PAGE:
Humbled by those who have less, much less.
By Jonathan Gershater on Jan 14, 2008
Although it has been 20+ years since I finished high school, The English poetry I learnt, still resonates with me and I can recall phrases and lines to this day. William Wordsworth wrote a sonnet that I shall reproduce here, since it is, of course, only 14 lines.
The world is too much with us; late
Getting and spending, we lay waste our powers;
Little we see in Nature that is ours;
We have given our hearts away, a sordid boon!
This Sea that bares her bosom to the moon,
The winds that will be howling at all hours,
And are up-gathered now like sleeping flowers,
For this, for everything, we are out of tune;
It moves us not.--Great God! I'd rather be
A Pagan suckled in a creed outworn; (1)
So might I, standing on this pleasant lea, (2)
Have glimpses that would make me less forlorn;
Have sight of Proteus (3) rising from the sea;
Or hear old Triton (4) blow his wreathed horn.
For two years our family was very fortunate to have the services of a live-in nanny who began her employment with us a year after our son was born. A rather simple woman, almost illiterate, and not conversant in English, I recall that when our daughter started grade one and began to learn reading and writing, our nanny used some of her free time to study English reading and writing as well. I remarked to myself that a 60 and 6 year old were learning to read and write English for the first time. Our nanny grew very fond of our younger son and loved him as if he were the son she could not bear (her husband divorced her in their youth as they were unable to conceive). Upon recent a visit to her home country, she phoned us with the most unfortunate news that she was not returning to America as she had been diagnosed with breast cancer.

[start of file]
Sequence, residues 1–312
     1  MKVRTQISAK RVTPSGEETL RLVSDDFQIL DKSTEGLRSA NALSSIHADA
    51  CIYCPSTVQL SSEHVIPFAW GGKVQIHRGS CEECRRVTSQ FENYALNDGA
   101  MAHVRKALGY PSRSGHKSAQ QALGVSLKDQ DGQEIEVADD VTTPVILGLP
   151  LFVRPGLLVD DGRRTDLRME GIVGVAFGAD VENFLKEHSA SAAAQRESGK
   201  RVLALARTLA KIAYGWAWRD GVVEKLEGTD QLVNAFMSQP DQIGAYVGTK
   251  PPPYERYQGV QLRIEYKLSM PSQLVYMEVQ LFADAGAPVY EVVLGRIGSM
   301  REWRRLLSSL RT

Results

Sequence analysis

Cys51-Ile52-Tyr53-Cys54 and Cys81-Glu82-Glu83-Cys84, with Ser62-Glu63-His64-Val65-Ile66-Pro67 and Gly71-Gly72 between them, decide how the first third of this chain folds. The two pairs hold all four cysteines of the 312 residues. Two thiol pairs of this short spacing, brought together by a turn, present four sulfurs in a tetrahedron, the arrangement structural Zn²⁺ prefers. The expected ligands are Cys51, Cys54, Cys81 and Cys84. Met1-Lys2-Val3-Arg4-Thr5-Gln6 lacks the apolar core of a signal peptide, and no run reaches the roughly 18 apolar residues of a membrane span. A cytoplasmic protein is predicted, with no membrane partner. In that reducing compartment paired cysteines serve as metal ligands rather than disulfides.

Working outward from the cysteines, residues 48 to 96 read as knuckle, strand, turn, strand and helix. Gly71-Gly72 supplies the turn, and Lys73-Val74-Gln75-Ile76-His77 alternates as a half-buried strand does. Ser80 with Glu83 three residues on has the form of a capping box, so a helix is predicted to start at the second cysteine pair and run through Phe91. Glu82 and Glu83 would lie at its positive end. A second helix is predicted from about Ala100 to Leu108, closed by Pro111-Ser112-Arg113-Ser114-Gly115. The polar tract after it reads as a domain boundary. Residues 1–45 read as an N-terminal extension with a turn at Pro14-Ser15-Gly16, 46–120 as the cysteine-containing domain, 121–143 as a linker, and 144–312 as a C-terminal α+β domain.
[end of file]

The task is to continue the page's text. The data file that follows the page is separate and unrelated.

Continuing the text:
With no dependents of her own, our nanny worked to save for her and her sisters' retirement. Her sole possessions accompanied her in one suitcase when she went home a few weeks ago. Thus when she called to inform us of her condition, we offered to send her few remaining possessions to her but she refused and suggested we give them away.
As I cleaned her room I found notes she had taken in her English language classes. In the notebook, among other sentences, was written:
“I love children.”
“I love to cook for the children.”
I was moved to tears. Here we live in one of the most sought after areas in the world. Our children attend magnificent schools and not deprived of toys nor clothing nor extra-curricular activities. And a woman who at age 60 is learning English for the first time, writes of her love for children that she could not bear herself. Those of us consumed by the rat-race and materialism that American consumerism thrusts upon us, as Wordsworth wrote, should stop and smell the flowers.....
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